Photo Credit: Robin Lee VisualsTyphoon Kalmaegi hit Hong Kong and a Typhoon 8 signal went up. This meant wind speeds up to 159kmh, heavy rain that caused floods and landslides, as well as shutting down schools and businesses. With these high winds also comes a big swell and Hong Kong’s surfers took full advantage of the situation since the summer seas are normally flat. So when a swell arrives you can guarantee Hong Kong surfers will be frothing at the mouth for what is in store. Typhoon Kalmaegi is only the second typhoon I’ve surfed in and a first for one on Lantau Island, where during a summer typhoon the beaches get better wind and swell direction than during the winter months. Two years ago it was Shek O beach on Hong Kong Island that I surfed during a rather weak T8. I woke up at 5:30 a.m., packed and ready from the night before and had a quick breakfast to fuel up. In reality though, I never went to sleep as I was too excited and throughout the night all the doors and windows in my flat were rattling and whistling at me, the wind outside was so strong I could barely hear myself think. At 6:30 a.m. I set off in the car, picking up my friend Bryant, who like me was suffering from a lack of sleep, and headed for Lantau Island, the roads empty of other vehicles but full of debris from trees, garbage, and other loose items. Stoke was high. When we arrived at Poi O beach, Lantau it was raining, the winds were still howling but the waves were only medium sized. Compared to the harbor during a typhoon where water is being churned around in such a small area having nowhere really to go, Poi O beach is much more open so you don’t get the same washing machine effect. Water has more room to move around and so the seas are calm (apart from the perfect sets of waves making their way towards you). The first hour in the water was tough, paddling into waves blind, as rain pelted me in the face. However, after only an hour, the winds subsided, the water calmed, but the waves were building. By 10:00 a.m. we were surfing clean overhead-sized waves all the way to the beach. It was so awesome and I could see the enjoyment on everybody faces. This lasted until about 12:00 p.m., when the swell started to die down. At this point, after almost 4 hours in the water, I was shattered and decided to get the camera out and take some snaps. I really should have done it earlier as the pics don't do justice to the morning waves. Luckily Alec (pictured above), who we met down on the beach, is a great surfer, so he made these little waves look like a ton of fun. While people think we’re crazy to surf during a typhoon, it really isn't as mad as most people think. Waves in places like Bali, Australia, and Hawaii are twice, three times, or more the size of our typhoon waves, but because that’s the norm there and it’s nice and sunny, nobody thinks twice about it. Surfing in a typhoon isn't crazy but you should certainly take into consideration your own abilities and not paddle out if you are in doubt. The waves are still big enough that you can take a beating or two and that’s never fun, but when you catch that bomb of a wave it’s totally worth it! Follow more of Lee's adventures on his website, Twitter, Facebook, and Instagram. Got anything cool you'd like Localiiz to share? Send us your stuff!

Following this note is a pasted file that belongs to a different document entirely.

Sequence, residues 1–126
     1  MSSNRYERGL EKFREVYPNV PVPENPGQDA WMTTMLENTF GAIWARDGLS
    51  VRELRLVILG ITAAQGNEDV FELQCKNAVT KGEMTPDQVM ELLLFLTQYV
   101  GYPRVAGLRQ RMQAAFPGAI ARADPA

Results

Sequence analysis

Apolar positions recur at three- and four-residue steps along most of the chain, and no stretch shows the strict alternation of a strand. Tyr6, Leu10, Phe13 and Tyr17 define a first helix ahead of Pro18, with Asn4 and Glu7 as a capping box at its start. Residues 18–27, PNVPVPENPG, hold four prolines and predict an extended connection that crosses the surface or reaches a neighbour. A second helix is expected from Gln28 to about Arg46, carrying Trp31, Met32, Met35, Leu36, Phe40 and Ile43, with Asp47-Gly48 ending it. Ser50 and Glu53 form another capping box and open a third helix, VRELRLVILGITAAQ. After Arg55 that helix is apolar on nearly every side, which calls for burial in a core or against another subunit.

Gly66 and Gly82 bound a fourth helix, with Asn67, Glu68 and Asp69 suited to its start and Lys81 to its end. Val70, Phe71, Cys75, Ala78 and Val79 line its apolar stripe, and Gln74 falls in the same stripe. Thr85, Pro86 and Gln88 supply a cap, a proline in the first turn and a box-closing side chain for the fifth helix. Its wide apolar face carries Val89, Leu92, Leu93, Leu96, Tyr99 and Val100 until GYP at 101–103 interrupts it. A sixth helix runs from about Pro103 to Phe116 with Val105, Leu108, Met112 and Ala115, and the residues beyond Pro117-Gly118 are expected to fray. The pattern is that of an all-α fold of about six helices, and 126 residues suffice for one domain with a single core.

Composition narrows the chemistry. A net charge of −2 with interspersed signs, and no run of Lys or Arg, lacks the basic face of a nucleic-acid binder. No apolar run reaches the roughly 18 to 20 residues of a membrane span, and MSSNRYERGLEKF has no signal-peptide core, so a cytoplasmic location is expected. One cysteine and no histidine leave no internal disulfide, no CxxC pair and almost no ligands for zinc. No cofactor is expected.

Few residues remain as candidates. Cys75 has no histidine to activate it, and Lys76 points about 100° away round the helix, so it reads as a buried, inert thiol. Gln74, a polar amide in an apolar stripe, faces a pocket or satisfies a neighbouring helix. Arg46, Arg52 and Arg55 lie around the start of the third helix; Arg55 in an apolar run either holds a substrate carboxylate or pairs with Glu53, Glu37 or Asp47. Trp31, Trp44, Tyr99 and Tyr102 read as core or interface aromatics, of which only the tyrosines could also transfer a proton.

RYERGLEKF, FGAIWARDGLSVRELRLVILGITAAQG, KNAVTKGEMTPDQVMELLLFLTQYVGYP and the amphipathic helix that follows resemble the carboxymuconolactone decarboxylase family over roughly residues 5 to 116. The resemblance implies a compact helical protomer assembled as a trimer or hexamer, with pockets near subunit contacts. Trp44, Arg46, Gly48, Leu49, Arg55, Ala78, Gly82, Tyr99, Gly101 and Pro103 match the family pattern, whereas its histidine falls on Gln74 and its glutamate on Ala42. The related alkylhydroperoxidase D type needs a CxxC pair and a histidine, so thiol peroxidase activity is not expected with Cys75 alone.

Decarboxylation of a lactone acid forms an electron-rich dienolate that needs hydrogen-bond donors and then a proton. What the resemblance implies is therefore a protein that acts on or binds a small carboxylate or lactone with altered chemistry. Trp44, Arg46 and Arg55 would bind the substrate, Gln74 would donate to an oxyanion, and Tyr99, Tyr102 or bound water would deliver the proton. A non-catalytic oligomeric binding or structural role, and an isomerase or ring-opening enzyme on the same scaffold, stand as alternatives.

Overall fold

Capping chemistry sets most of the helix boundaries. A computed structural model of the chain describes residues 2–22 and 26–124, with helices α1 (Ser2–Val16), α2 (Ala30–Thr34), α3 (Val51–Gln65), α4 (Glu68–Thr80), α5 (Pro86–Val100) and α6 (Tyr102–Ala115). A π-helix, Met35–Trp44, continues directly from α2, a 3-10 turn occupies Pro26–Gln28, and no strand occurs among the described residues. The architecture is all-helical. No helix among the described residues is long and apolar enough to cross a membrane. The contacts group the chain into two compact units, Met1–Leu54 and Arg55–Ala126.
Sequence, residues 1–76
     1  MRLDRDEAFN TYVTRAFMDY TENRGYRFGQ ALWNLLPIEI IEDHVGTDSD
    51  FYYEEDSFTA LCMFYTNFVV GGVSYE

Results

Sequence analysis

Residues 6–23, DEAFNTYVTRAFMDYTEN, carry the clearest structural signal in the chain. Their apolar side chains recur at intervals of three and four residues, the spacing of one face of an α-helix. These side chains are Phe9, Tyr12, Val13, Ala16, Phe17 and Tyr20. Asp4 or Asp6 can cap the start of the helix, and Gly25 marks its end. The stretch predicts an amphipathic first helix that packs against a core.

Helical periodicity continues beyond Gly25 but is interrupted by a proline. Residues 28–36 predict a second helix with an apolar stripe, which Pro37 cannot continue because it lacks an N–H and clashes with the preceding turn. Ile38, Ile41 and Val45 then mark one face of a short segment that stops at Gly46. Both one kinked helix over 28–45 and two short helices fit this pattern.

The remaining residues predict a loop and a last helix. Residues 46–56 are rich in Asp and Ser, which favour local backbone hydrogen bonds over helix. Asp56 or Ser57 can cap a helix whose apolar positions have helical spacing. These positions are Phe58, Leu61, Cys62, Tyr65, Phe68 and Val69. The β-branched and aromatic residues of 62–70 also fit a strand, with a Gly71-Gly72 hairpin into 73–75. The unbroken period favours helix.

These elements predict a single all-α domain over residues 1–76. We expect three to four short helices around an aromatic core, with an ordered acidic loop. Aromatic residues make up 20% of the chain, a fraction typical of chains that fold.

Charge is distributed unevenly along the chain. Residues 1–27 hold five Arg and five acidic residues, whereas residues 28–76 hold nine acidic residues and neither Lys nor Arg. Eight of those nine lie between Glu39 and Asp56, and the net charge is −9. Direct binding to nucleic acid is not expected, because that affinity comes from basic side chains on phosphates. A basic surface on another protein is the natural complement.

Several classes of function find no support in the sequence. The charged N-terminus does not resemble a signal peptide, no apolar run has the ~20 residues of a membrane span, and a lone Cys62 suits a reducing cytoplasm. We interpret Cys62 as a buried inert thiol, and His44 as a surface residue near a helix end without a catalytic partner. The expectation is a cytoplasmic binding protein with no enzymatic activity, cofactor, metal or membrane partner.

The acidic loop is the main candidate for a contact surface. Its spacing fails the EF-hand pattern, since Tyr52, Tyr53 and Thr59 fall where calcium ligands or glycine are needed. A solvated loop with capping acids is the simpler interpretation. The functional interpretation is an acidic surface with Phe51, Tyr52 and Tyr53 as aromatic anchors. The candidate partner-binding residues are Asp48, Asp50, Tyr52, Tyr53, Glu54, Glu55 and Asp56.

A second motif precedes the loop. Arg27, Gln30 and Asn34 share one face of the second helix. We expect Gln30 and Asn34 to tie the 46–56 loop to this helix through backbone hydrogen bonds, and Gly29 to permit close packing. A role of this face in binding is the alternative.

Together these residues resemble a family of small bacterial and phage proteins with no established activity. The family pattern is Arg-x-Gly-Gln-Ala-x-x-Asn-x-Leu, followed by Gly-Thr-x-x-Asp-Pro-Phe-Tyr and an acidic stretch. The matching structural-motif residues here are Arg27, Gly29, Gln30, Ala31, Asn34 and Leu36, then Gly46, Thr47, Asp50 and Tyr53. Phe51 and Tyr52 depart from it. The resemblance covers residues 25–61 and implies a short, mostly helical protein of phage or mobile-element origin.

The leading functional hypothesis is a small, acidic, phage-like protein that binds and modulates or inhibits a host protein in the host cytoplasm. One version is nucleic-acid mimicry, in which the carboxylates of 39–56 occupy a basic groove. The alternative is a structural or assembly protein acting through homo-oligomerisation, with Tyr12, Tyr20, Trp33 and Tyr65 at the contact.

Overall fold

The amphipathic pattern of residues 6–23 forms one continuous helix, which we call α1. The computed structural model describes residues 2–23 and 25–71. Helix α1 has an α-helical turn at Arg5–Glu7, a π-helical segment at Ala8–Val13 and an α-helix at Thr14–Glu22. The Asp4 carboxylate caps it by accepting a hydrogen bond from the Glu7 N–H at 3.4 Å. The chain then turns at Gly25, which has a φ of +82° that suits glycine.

[button color="blue" size="medium" link="https://localiiz.us4.list-manage.com/subscribe/post?u=c2964a434922598f5d8ee53ff&id=07d327a2e8" icon="" target="true"]Subscribe to receive our weekly newsletter[/button]